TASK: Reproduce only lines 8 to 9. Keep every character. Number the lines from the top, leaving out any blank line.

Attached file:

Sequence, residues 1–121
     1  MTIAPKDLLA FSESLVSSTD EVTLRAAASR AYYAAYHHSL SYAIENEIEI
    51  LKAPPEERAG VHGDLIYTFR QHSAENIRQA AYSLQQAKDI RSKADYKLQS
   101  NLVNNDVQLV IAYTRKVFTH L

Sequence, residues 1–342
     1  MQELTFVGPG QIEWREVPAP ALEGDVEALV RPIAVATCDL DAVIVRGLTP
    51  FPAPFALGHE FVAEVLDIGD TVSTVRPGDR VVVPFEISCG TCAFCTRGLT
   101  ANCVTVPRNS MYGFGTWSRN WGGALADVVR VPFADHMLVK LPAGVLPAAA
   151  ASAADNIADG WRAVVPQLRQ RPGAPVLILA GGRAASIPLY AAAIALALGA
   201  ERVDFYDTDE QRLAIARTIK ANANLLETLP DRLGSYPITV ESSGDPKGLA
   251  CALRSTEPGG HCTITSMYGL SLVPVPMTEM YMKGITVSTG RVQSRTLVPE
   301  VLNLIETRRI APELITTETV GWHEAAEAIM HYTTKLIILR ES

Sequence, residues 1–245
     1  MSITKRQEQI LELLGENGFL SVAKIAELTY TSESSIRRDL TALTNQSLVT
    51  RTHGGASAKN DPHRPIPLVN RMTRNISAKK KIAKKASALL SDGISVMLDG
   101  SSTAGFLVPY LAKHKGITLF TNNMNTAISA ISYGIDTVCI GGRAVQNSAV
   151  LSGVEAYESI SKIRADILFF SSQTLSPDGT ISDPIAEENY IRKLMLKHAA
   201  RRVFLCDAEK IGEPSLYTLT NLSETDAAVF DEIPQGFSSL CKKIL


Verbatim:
   101  ANCVTVPRNS MYGFGTWSRN WGGALADVVR VPFADHMLVK LPAGVLPAAA
   151  ASAADNIADG WRAVVPQLRQ RPGAPVLILA GGRAASIPLY AAAIALALGA